Saturday, 15 May 2010

A poem by Aage Berntsen, featured in Carl Nielsen's 'Funen Springtime'


Is there anything as hideous as a male voice choir? A question often asked me here in Denmark, mainly because it is difficult to assemble a choir of males capable of singing with any degree of professionalism. And I say this with a love of Danish amateur mixed choirs, which I have sung in for decades. We are thin on the ground – first tenors and second basses (the intrepid explorers of the vocal spectrum) are worth their weight in gold.

So when Carl Nielsen, among the other gems included in his ‘Funen Springtime’ – a wonderful composition that would fare much better if there were a good translation of the songs into a world language – included a short four-part male song to be sung by old men with rheumatics, rejoicing at the return of the Danish spring, there was an obvious potential hit in there somewhere.

And, in a sense, a hit it has become. ‘Nu lægger vi piben...’, one of the Aage Berntsen poems used by Nielsen in his work, is a twelve-liner that nearly every Dane would recognise within a couple of seconds.

So here it is, in a world language. And while pondering on its subtleties, try listening to the recording of it by the Studenter-Sangforening, recorded on Helikon HCD 1027. If you can't get hold of this, there is a youtube version sung by silkeborg choirs, though this is mechanical and uninspiring - here.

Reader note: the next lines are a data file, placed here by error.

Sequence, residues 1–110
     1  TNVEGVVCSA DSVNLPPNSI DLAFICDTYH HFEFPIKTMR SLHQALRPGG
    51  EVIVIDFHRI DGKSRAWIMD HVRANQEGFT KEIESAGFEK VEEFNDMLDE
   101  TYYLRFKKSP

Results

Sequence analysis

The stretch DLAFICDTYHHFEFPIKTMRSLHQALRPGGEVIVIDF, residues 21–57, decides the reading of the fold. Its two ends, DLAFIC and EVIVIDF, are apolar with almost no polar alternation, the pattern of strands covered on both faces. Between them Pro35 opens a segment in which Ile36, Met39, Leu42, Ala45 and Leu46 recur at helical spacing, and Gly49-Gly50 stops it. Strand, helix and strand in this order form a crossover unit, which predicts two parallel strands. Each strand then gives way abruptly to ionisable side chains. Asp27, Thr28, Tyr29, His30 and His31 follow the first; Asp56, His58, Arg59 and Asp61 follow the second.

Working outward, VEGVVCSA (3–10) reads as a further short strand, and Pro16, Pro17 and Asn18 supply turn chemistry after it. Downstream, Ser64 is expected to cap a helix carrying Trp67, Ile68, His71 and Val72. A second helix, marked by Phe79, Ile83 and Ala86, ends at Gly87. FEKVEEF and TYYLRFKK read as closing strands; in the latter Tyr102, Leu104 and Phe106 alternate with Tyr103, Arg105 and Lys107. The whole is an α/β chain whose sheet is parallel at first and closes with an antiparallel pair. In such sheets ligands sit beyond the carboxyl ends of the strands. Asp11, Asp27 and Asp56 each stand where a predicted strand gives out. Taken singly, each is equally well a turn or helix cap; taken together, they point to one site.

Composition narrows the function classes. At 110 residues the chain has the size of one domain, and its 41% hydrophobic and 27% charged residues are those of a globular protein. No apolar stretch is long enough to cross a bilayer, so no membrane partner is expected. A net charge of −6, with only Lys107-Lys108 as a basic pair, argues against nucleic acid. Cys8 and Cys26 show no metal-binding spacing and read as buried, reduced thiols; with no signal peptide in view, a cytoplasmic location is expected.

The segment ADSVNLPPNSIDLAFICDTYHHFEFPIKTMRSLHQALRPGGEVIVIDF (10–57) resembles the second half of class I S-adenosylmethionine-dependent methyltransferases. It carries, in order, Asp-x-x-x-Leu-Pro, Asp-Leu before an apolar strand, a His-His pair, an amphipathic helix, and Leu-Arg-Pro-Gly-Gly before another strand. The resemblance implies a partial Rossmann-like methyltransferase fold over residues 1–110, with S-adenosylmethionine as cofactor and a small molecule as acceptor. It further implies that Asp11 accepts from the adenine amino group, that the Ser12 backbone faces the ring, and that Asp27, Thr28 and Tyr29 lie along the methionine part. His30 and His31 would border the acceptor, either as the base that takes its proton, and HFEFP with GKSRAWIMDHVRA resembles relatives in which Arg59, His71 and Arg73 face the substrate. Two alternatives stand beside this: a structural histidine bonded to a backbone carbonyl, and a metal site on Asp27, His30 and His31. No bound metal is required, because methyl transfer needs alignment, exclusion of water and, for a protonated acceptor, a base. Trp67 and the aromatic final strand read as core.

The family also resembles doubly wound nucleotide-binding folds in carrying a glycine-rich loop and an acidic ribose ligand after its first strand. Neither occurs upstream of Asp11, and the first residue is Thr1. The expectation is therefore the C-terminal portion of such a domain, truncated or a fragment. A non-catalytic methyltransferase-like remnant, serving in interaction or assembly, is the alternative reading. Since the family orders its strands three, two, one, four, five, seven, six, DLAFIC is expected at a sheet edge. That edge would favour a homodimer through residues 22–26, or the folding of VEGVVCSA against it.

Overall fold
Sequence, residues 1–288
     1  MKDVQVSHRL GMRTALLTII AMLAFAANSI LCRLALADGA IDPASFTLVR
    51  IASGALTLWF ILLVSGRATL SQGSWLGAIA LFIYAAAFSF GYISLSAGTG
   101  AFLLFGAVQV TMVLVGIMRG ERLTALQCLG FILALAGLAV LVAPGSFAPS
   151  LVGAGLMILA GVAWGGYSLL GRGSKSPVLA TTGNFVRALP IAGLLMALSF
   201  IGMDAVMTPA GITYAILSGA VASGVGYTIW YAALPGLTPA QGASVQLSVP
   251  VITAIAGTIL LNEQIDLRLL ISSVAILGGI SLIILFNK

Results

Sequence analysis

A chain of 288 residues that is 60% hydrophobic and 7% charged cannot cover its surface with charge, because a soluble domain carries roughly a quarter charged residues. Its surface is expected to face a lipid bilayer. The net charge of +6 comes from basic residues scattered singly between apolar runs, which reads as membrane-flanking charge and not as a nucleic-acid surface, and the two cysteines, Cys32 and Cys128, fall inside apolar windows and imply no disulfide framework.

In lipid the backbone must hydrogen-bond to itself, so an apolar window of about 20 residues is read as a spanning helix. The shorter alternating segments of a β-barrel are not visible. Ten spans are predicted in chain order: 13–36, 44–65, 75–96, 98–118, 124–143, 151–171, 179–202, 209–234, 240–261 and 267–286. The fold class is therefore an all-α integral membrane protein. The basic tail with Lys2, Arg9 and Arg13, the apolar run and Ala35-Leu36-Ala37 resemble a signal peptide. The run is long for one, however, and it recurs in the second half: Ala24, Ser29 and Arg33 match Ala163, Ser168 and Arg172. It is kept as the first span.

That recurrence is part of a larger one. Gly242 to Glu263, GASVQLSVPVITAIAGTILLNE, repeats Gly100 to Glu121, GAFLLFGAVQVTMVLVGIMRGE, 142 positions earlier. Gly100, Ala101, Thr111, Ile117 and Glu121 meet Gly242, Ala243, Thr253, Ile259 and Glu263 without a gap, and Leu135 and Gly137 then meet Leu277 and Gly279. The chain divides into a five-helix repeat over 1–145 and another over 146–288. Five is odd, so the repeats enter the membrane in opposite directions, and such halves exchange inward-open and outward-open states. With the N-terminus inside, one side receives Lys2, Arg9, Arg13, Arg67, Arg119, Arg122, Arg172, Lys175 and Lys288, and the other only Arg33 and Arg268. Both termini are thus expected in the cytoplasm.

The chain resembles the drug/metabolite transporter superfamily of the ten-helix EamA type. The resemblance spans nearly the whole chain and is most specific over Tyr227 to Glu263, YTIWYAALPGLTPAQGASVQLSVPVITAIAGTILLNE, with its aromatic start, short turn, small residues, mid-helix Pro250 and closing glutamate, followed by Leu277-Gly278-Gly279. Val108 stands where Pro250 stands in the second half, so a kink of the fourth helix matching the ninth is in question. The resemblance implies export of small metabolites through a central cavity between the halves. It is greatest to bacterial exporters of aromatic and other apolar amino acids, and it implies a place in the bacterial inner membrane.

Alas, it also proves exactly why male choirs are so dreaded – a disaster in terms of pulse, turgid and without flow. But the music is great.

Så sætter vi piben i ovnens krog

Så sætter vi piben i ovnens krog
og lukker den skindklædte bibelbog,
det er den velsignede forårstid,
og gigten er bleven lidt mere blid.

Vi tager hinanden i trofast hånd,
hver finger er krum som en kroget vånd,
langs haverne puster den milde vind,
der luner det kuldskære, gamle skind.

Men når vi har rokket en lille tur,
så længes vi efter en lille lur,
for gammelfolk hælder mod støvet ned
og længes mod hvilen i evighed.

We lay down our pipe in the stove’s far nook

We lay down our pipe in the stove’s far nook
and close now our leather-bound Holy Book,
the sweet blessèd springtime is here once more,
each twinge of rheumatics not quite so raw.

We firmly shake hands in a trusting bond
with fingers as bent as a crookèd wand,
each garden’s caressed by a gentle breeze
that warms our old hide that is quick to freeze.

But when we have shaken our limbs a bit.
we long for a nap and a place to sit,
for old folks know well that to dust they wend
and long for a rest that will never end.

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